Because we’ve both had near-death experiences, people often ask us the ponderous question, is there life after death?
Well, let’s forget about esoteric musings on reincarnation or resurrection for the moment. We have an even more immediate question. What about life after birth?
What do we mean?
Too many times we find that our clients (and, at times ourselves) are merely surviving each day that passes.
Surviving isn’t really living, it’s just existing. That’s why we spend our time these days exploring the practice of thriving.
Thriving may be natural (just look at nature) but most of us never got the manual and no one taught us much about it.
Here’s a suggestion, based on the idea that information can be a best friend:
Create a life-line vision board. Or, if you don't have poster board available, tape four regular sheets of paper together, orient them in landscape mode (long) and draw a line across the middle of the page. Mark the left extreme “birth” and the right extreme “death.”
Then pick a point along that line to indicate where you are right now. Depending on your age (and anticipated end date) you will position yourself somewhere on that left to right spectrum.
Here’s your life on paper, except there’s nothing there yet. Now start filling in the blanks.
On the birth side of the sheet, note memories of peak experiences or major milestone—both positive and negative.
Stepping back for a moment to survey your life line, you may experience a profound awareness shift. This much of your life is used up; this much lies ahead. What do you regret about your past? What have you loved about it thus far?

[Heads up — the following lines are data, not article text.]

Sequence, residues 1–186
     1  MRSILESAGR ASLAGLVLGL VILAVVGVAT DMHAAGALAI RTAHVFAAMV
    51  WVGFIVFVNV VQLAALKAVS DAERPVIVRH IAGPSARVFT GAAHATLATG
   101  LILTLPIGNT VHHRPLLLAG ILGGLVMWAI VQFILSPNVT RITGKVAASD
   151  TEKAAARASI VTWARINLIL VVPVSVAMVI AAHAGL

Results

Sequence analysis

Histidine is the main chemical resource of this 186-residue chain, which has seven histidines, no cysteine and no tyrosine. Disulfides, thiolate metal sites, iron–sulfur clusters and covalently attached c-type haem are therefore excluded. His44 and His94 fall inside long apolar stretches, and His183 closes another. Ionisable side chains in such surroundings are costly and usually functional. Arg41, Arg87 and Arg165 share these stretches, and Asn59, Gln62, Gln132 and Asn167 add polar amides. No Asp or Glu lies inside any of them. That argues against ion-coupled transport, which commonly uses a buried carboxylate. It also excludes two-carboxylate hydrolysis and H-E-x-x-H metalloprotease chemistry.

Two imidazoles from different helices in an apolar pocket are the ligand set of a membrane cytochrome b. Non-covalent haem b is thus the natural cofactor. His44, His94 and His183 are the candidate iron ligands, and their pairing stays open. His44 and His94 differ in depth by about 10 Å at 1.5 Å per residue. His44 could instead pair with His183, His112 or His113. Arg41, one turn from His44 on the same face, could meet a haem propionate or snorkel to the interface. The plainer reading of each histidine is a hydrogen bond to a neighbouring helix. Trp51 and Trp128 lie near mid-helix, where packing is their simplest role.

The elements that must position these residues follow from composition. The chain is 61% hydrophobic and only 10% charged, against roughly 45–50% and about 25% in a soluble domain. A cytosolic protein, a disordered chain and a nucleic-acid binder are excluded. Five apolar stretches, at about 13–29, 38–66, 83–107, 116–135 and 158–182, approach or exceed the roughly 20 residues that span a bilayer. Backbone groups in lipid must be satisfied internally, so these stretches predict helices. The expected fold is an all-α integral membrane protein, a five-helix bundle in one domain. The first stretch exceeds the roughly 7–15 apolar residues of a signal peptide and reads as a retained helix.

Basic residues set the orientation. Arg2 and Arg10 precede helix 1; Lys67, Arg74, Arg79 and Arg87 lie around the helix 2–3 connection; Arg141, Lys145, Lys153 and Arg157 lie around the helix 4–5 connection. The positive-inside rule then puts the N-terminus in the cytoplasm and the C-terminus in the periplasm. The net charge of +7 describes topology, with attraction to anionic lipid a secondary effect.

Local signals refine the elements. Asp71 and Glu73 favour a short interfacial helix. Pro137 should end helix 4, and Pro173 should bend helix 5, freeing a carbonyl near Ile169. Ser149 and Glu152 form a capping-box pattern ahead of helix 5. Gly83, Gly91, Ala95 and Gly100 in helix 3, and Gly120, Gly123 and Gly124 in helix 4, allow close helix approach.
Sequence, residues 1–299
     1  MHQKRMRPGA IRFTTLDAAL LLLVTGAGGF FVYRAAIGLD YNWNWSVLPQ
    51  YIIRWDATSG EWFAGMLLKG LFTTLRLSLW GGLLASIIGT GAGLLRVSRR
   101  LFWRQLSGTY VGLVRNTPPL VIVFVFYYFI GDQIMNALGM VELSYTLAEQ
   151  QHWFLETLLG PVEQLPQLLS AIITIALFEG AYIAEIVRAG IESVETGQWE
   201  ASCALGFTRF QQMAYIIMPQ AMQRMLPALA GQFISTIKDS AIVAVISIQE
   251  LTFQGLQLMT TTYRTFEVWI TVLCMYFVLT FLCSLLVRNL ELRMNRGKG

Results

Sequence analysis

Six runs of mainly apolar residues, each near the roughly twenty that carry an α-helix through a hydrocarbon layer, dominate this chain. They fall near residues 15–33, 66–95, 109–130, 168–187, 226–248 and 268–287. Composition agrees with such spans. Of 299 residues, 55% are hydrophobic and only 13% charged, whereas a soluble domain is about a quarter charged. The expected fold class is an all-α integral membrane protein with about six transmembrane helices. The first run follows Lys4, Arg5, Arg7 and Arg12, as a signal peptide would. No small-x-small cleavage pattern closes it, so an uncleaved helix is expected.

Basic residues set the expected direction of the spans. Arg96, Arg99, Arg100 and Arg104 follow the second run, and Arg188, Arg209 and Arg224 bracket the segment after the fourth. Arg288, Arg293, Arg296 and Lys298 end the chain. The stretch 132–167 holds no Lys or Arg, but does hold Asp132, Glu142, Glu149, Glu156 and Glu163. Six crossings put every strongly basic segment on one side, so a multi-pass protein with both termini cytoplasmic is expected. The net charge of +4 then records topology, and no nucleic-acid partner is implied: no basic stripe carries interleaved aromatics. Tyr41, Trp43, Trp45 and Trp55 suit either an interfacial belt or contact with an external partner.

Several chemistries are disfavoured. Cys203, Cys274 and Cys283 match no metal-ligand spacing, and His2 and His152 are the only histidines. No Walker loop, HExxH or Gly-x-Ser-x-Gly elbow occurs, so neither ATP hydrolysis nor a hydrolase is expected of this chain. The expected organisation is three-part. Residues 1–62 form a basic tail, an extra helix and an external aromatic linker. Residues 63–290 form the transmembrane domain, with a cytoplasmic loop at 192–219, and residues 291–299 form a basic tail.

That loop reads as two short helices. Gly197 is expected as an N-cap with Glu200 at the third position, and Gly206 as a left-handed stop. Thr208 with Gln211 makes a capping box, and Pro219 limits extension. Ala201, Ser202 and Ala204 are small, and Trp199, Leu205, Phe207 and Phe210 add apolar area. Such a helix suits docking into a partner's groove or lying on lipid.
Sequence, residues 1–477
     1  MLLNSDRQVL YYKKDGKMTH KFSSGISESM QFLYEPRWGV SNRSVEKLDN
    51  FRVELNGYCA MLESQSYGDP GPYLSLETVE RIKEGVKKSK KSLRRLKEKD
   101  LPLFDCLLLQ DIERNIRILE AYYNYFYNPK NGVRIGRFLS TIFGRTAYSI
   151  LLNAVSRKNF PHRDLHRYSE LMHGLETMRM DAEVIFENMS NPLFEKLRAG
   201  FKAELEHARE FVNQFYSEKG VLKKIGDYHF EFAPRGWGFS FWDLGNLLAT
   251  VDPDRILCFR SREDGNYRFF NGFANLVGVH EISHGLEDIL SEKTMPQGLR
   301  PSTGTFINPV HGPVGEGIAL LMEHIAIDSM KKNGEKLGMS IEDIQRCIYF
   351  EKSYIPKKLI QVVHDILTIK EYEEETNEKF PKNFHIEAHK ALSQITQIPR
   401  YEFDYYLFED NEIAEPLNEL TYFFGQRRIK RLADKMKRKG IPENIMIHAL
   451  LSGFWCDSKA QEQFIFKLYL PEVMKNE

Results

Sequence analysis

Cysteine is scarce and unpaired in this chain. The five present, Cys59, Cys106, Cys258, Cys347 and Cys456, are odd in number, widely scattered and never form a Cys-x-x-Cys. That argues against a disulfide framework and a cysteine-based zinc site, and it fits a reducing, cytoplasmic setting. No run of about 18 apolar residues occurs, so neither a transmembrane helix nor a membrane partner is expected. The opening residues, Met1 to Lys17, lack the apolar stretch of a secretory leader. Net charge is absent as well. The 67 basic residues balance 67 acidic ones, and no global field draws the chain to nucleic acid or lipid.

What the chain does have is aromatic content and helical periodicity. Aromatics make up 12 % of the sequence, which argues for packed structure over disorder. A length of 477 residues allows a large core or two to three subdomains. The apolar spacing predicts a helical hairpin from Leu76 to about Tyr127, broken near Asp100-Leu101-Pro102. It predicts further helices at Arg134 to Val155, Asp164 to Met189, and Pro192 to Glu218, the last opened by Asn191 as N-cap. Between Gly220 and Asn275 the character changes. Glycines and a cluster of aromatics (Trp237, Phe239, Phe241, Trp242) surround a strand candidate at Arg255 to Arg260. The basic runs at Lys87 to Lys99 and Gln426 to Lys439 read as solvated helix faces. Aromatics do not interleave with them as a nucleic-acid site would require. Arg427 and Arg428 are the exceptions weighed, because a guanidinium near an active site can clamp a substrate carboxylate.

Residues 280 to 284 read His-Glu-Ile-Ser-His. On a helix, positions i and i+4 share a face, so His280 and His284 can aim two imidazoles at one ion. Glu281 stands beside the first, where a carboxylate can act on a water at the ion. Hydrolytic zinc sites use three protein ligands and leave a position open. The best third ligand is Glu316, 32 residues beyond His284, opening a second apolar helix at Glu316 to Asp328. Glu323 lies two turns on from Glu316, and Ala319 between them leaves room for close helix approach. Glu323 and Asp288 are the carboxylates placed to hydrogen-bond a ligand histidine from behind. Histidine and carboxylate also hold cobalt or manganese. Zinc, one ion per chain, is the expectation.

Now, for the next step . . . what are you eager to experience in your future?
On the future side of your life line list experiences, moments, goals, and passions you want to make sure you experience in whatever time you have left (be it 3 months or 7 decades). And here’s an important tip . . . what you list on that future side of the line, between where you are now and your transition date (or as some call it -- your expiration date), doesn’t have to be dependent upon external circumstances.
As we shared in past blogs and in our book Thriving in Business and Life, once we realize that we can infuse each moment in our life with the values and passions we carry with us, we become not only freer but also more powerful in transforming everyday life experiences into powerful, meaning-filled moments.
You can take this exercise to another level by hauling out some old magazines and cutting out images and words that represent your memories and your future intentions, dreams, and desires. Paste them up there and then post the whole thing on a wall somewhere. You don’t have to finish before you post it.
Having your life displayed like this can encourage you to make the most of every day. After all, you’re inching your way along that line every day. You can turn this trajectory into much more than just a linear record of aging; it can become a map for your surviving-to-thriving adventure.
Unless we decide to consciously partner with life in co-creating the days, months, and years that truly matter, it will pass us by—far more quickly than we may imagine.
Here’s our Thriving tip for the week—one which we invite you join us in modeling so that our remaining days are filled with future memories that we can relish today:
“Thriving is natural.
Just look at nature.”
Perhaps our aim may seem idealistic . . . but having been to the other side and back, we've come to realize just how precious each and every moment is. So why not live like it? Worst case, we'll each move a little further from merely surviving and even closer to fully thriving.
Christopher Harding and Will Wilkinson